Saturday, April 15, 2017

Scottish Ballet Debuts with Flair

Ten Poems. Photo: Andy Ross
The Scottish Ballet showed its artistic breadth and technical fortitude in a program of three diverse dances at the Joyce. It is Scotland's national company, begun in 1969, and is led by artistic director Christopher Hampson, who contributed Sinfonietta Giocosa to the program. This crisply structured neoclassical ballet, bookended by a tableau of two taut columns of dancers, is full of virtuosic leaps and turns. It's a work with great dynamic flair to match the music by Bohuslav Martinu.  

The highlight of the slate was its closer, Ten Poems, to said poetry by Dylan Thomas read on a recording by actor Richard Burton. It sounds somewhat dry at the outset, but Christopher Bruce's occasionally mimetic gestural movement ebbs and flows gracefully with the text's lyrical phrasing. He mines the emotion of the poetry without being too literal; rectitude might translate as upright posture and right-angled arms, childlike joy by jaunty, darting leaps. While there is no outright narrative, as each section is performed one or more new characters are introduced, culminating in a ensemble section. Marian Bruce designed the nostalgic streetwear costumes.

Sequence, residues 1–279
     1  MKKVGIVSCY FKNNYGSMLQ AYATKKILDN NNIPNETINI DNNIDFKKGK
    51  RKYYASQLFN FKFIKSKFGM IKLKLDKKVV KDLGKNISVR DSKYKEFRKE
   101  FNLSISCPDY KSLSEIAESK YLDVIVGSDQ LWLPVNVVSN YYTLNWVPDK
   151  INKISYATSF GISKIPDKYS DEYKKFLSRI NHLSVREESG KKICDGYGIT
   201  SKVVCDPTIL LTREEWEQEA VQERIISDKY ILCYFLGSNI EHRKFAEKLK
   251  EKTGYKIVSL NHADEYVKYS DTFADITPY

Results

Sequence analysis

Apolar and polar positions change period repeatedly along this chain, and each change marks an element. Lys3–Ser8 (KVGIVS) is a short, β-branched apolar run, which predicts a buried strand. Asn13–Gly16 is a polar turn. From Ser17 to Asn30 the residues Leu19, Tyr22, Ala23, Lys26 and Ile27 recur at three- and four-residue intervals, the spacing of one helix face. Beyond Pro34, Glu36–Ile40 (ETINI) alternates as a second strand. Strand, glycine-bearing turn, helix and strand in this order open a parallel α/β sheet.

Sophie Martin and Victor Zarallo in Bryan Arias' "Motion of Displacement." Photo by Andy Ross.

Bryan Arias choreographed Motion of Displacement, a contemporary take on ballet that shows possible influences from Complexions and NDT, where he has danced; he currently is a member of Crystal Pite's Kidd Pivot. The dancers pose downstage, each in a varied shape but touching one another, and energy snakes through them. Shapes morph from curvilinear to angular, everything feels pushed and extruded, attenuated. A tall woman pairs with a shorter man; the rest watch, indifferently shifting their weight from leg to leg. Body parts are isolated, and they change levels from planks on the floor to strongly resisting gravity in pulled-up attitudes. They all start by wearing socks (thanks, Mr. Forsythe, who seems to be another influence); some women don toe shoes for duets. Arias also designed the handsome costumes: white tops with pale grey trousers, sometimes removed. While one can admire the strength and fluidity of the dancers, the piece, while full of style and formal ideas, felt emotionally bereft, particularly in light of Ten Poems.

Saturday, April 8, 2017

New York Notebook

Romeo & Juliet. Photo: Cheryl Mann
How much fiddling can a stalwart ballet like Romeo & Juliet take? Turns out, quite a bit. In Krzysztof Pastor’s 2008 production, presented by the Joyce Foundation at the Koch Theater recently, the action takes place in three eras over the last century to underscore how history repeats itself. It’s an intriguing premise that mostly succeeds, supported by the designs by Tatyana Van Walsum and the sturdy Prokofiev score.